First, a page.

Sydney Tillim, 1998
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Sidney Tillim, Who Among Us Really Knows? or Greenberg’s Doubt, 1969
Peter Freeman Gallery
 140 Grand Street
New York, NY

In Who Among Us Really Knows? Sidney Tillim has a confident Clement Greenberg, the apologist of Abstract Art, striding into a resolutely figurative painting. There stand a puzzled Helen Frankenthaler and a musing college co-ed, along with some skeptical kids (including Sid, as the young boy in short pants “thinking things out”–or so the drawing for this figure is titled.)

“Sidney is the only person I knew who managed a long-term friendship with Clement Greenberg without becoming either a sycophant or an outcast.”

—Philip Leider



in the New York Public Library is a great storehouse of information that maps the New York art world in the second half of the twentieth century.

The literary, artistic, and personal archives of Sidney Tillim—painter and critic—provide an invaluable documentary resource for the study of post-war modernism. As do Delacroix’s journals onto the scene in nineteenth-century Paris, Tillim’s journals, plus art writings and drawings, provide an insider’s look onto the fractious and evolving art scene in New York in the decades following WWII.

Tillim was a painter who wrote about art as a contributing editor, initially, at the well-established Arts Magazine and later at the upstart Artforum. He was, according to the founding editor of Artforum, Philip Leider, “the only person I knew who managed a long-term relationship with Clement Greenberg without becoming either a sycophant or an outcast.” Tillim was a figurative painter who made his mark at the 1972 Whitney Annual with history paintings that were commentaries on the turbulent events of the 1960s and ‘70s. In the 1980s, however, Tillim abruptly (and to the permanent detriment of his exhibition career) abandoned narrative painting and turned to abstraction—only to return to figuration late in life. Throughout these decades Tillim taught art history at Bennington College, post-war America’s art school par excellence.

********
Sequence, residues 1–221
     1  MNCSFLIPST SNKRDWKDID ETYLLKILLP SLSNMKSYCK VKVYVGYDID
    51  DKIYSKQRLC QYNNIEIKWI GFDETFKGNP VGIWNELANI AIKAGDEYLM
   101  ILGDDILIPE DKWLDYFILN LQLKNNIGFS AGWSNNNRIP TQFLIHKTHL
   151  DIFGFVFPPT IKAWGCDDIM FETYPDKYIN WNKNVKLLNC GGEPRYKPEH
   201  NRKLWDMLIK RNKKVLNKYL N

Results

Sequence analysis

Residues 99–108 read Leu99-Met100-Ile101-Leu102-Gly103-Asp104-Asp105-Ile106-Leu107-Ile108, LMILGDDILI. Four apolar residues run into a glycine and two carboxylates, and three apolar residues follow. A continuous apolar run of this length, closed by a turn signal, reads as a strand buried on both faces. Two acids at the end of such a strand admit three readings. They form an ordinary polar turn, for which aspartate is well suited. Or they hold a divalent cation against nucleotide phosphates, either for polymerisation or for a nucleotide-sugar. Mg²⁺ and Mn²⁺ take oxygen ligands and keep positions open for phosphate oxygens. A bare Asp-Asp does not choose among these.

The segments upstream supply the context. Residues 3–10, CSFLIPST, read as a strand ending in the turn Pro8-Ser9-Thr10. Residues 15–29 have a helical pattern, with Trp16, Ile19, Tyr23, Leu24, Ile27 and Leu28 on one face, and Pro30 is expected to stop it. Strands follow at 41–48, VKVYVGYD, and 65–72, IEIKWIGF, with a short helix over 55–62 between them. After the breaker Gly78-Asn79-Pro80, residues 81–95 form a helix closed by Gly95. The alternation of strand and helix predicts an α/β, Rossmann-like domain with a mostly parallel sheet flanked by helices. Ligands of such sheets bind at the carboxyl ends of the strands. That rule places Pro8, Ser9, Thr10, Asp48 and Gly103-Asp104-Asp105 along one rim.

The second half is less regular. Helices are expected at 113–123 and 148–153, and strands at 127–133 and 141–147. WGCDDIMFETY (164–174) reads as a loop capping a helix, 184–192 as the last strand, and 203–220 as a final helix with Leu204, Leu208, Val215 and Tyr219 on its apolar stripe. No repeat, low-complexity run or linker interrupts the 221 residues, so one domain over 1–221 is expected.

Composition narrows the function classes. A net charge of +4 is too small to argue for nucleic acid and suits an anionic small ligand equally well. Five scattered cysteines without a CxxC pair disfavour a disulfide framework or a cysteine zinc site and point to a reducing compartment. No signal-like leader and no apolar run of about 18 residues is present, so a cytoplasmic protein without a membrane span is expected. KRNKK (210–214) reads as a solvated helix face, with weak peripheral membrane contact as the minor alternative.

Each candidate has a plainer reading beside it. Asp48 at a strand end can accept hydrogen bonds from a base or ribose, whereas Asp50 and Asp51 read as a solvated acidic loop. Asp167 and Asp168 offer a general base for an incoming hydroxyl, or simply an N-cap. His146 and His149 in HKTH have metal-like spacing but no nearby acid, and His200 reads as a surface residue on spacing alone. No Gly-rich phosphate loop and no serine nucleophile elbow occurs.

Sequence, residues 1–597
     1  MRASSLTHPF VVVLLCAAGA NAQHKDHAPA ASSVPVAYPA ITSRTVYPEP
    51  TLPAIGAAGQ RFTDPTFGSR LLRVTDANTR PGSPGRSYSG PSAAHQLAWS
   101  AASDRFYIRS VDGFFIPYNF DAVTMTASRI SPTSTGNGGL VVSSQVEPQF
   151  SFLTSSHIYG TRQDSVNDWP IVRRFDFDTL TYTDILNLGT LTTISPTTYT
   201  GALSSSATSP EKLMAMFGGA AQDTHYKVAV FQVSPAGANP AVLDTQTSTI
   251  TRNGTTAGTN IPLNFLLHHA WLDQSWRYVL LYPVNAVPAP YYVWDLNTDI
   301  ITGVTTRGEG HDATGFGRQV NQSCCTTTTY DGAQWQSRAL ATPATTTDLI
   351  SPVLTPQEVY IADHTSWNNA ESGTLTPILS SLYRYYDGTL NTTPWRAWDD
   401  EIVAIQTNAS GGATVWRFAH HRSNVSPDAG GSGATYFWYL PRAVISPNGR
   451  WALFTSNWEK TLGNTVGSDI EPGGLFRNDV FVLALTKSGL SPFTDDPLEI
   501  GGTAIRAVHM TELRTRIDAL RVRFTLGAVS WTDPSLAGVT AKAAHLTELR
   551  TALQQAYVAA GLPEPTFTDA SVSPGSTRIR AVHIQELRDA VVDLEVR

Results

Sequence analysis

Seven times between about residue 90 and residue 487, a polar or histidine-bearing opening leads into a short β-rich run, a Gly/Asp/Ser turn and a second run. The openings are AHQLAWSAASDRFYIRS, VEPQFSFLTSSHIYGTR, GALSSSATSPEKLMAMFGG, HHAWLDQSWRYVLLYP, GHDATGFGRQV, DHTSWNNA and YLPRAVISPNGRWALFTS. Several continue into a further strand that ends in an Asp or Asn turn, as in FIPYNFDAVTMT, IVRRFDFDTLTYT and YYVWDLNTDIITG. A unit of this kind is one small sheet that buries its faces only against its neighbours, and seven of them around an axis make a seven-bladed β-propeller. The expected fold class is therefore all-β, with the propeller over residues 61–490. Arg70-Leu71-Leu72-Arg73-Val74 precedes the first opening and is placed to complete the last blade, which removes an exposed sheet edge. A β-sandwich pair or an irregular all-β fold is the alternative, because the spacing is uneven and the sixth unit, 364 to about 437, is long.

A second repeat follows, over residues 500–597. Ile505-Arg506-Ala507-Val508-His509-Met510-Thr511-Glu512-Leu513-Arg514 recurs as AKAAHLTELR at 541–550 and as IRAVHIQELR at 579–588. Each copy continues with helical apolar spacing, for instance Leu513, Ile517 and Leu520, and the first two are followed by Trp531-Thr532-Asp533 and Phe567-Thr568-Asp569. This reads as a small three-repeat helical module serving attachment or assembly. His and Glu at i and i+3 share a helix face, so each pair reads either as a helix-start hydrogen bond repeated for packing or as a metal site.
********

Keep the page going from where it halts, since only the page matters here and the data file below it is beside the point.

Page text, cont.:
It is this multiplicity not only of insider platforms (painter, critic, teacher), but also of warring perspectives (status-quo vs avant-garde; representation vs abstraction; acclaim vs neglect) that positioned Tillim uniquely as he recorded and interpreted the fierce arguments between figurative and abstract artists.

Tillim’s large archive (113 boxes, 23 volumes) holds over fifty years of drawings, sketchbooks, journals (40 volumes), and correspondence, along with painting, exhibiting, and teaching records (including transcripts of Clement Greenberg’s Bennington seminars); published and unpublished works (Art After Ideology and The Return of Bad Art), manuscripts, typescripts, notebooks, photographs; an annotated personal library, as well as inventories of his book collections on photomechanical processes and on nineteenth-century American art, and personal items.

The archive, organized by the artist, is accompanied by a comprehensive inventory compiled by Diane Radycki Tillim.




(American, 1925–2001) was an artist and art critic. He is best known for his revival of history painting in the 1970s and was a much admired art critic (contributing editor at Artforum and Arts magazines).

Tillim began in the 1950’s an abstract painter and a “promising” poet (Lawrence Ferlinghetti, San Francisco Chronicle, 1953). There are also professional and exhibition records; published and unpublished manuscripts (“Art After Ideology” and “The Return of Bad Art”); teaching materials (including transcripts of Clement Greenberg’s Bennington seminars); as well as correspondence, an annotated personal library, memorabilia, etc.